Israel’s catalogue of savagery
Lawrence Davidson views Israel’s litany of savage behaviour, from the ethnic cleansing that started in earnest in 1948 and is ongoing to the starvation war waged on Gaza and numerous acts of wanton, petty cruelty.
In my article “America’s billboard wars: Zionists vs. the truth, I noted that a Zionist organization run by the Islamophobe Pamela Geller is posting messages on buses and subways calling for support for Israel. The messages claim that Israel represents the “civilized man” in a struggle against jihadist “savagery”. I questioned Israel’s qualifications for civilized status in the earlier piece, but am drawn back to the subject by the almost daily revelations of the Zionist state’s questionable behaviour. It is not that the jihadist cannot be a savage at times; it is that the Israeli government seems quite incapable of being civilized. For instance:
On 16 October 2012 the Israeli organization Yazkern hosted dozens of veterans of Israel’s 1948 “War of Independence” for a look at what that struggle really entailed. The veterans testified to what can only be called a conscious effort at ethnic cleansing–the systematic destruction of entire Palestinian villages and numerous massacres. A documentary film by Israeli-Russian journalist Lia Tarachansky, dealing with this same subject, the Palestinian Nakba or catastrophe, is nearing completion. It too has the testimony of Israeli soldiers of the 1948 war. These latest revelations lend credence to the claims of Israel’s “new historians”, such as Ilan Pappe, who have written books based on evidence gleamed from government archives showing that, even before the outbreak of hostilities leading to the creation of the state of Israel, the Zionist authorities planned to ethnically cleanse as much of Palestine as possible of non-Jews. The aim of Yazkern’s effort at truth-telling is to break through the sanitized “mainstream nationalistic narrative” of 1948 and the accompanying denial of any legitimate Palestinian counter-narrative.”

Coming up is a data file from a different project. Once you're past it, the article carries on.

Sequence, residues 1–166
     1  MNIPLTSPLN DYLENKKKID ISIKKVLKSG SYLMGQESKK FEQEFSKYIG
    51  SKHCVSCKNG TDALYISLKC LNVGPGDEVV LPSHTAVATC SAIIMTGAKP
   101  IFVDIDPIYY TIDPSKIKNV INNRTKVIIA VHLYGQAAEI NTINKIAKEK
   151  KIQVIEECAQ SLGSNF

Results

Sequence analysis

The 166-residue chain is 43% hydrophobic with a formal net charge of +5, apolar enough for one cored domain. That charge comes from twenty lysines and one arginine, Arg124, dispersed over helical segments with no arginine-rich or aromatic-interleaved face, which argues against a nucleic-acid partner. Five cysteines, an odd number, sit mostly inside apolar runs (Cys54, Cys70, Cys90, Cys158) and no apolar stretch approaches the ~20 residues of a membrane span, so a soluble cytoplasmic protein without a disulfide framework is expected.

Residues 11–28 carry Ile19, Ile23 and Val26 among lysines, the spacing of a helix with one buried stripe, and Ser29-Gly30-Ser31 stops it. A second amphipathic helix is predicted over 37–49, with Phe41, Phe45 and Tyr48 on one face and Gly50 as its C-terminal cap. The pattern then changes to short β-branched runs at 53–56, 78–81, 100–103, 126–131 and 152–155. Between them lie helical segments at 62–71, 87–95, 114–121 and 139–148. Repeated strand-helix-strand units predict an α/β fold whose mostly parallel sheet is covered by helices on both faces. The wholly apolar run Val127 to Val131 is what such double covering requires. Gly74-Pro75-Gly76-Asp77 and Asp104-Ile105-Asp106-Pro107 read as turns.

OK. The Israelis were savages in 1948 and only a small minority will admit it. What about after “the War of Independence”? As it turns out the ethnic cleansing never stopped. Conveniently, the long-standing denial that it ever started has helped to hide the fact of its ongoing nature. Yet just this week we received the news that Defence Minister Ehud Barak has given the order to demolish eight Palestinian villages with some 1,500 residents in the south Hebron hills. The excuse offered by Barack is that the land is needed for military training exercises. According to the “new historians”, this is a standard Israeli government cover for ethnic cleansing. Sure, for a couple of years the Israeli army will use the land that held the demolished villages. Then, almost inevitably, the area becomes the site of a new Israeli Jewish settlement.